Children and young adults who do not drink water during the day drink more sugary beverages and thus consume more calories from these sugary drinks, suggests a new study published April 22, 2019 in JAMA Pediatrics. Plain water was defined in the study as tap or nonsweetened, noncarbonated bottled water.
Sugar-sweetened beverages (SSBs) includes soda, sweetened fruit juices, sports drinks, energy drinks, and sweetened tea and coffee drinks. They do not include 100% fruit juices, drinks sweetened with zero-calorie sweeteners, or drinks that are sweetened by the consumer, like coffee or tea brewed at home.
Analysis of data from the 2011-2016 National Health and Nutrition Examination Survey revealed that on a given day, about 20% of children reported drinking no water. No water intake was associated with intake of 92.9 kcal and 4.5% more calories from SSBs among participants aged 2 to 19 years. Additionally, those children consumed 200 calories from SSBs compared to children who did drink water.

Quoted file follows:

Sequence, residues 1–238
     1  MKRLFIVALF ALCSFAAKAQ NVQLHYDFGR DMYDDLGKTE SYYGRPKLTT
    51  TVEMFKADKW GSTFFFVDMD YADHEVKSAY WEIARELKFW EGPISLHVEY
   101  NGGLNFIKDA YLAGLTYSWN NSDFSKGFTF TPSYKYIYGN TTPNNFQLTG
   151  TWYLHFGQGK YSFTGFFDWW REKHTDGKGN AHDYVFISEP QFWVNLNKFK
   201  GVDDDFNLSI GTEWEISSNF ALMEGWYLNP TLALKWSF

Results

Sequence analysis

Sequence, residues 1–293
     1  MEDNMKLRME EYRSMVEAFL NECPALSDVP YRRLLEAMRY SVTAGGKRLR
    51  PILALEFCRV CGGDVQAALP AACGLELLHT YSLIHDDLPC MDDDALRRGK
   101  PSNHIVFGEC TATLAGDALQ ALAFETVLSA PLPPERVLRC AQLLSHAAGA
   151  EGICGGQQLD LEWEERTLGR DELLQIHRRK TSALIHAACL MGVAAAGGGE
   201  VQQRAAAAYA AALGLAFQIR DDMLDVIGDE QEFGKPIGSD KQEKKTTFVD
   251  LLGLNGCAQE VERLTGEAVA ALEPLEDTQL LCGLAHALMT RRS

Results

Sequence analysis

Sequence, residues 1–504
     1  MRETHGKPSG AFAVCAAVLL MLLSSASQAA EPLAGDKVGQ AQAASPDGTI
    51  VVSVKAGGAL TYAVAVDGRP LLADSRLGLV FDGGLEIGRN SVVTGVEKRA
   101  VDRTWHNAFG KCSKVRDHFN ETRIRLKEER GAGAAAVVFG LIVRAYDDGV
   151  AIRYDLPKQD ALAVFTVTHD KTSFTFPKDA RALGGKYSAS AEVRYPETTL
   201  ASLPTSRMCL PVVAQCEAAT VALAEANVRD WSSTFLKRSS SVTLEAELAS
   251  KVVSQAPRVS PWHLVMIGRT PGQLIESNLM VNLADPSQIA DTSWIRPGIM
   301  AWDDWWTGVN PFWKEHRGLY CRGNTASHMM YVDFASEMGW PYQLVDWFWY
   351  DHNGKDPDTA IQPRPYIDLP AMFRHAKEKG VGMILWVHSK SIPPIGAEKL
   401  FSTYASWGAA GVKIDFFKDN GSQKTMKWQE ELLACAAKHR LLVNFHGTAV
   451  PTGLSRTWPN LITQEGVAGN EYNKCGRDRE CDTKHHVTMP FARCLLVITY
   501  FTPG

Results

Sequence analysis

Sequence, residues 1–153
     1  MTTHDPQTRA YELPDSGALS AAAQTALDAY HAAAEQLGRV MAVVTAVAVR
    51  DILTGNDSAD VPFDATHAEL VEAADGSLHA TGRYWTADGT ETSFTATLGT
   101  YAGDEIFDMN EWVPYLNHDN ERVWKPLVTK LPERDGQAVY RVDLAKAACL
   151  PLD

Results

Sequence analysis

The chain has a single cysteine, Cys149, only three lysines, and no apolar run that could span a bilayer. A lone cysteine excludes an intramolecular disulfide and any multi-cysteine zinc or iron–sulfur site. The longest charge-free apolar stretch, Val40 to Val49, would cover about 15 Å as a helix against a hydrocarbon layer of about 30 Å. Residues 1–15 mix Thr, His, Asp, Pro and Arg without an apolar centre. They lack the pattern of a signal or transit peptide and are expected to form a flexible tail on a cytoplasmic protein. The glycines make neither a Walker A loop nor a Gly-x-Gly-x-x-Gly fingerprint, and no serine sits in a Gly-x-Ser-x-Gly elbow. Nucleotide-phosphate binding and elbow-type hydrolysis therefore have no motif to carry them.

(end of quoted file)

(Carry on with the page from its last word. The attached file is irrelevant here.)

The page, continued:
Although the study did not establish causality, the message from the study is clear; sugar-sweetened beverages are not a substitute for water.
(Source: JAMA Pediatrics, April 22, 2019)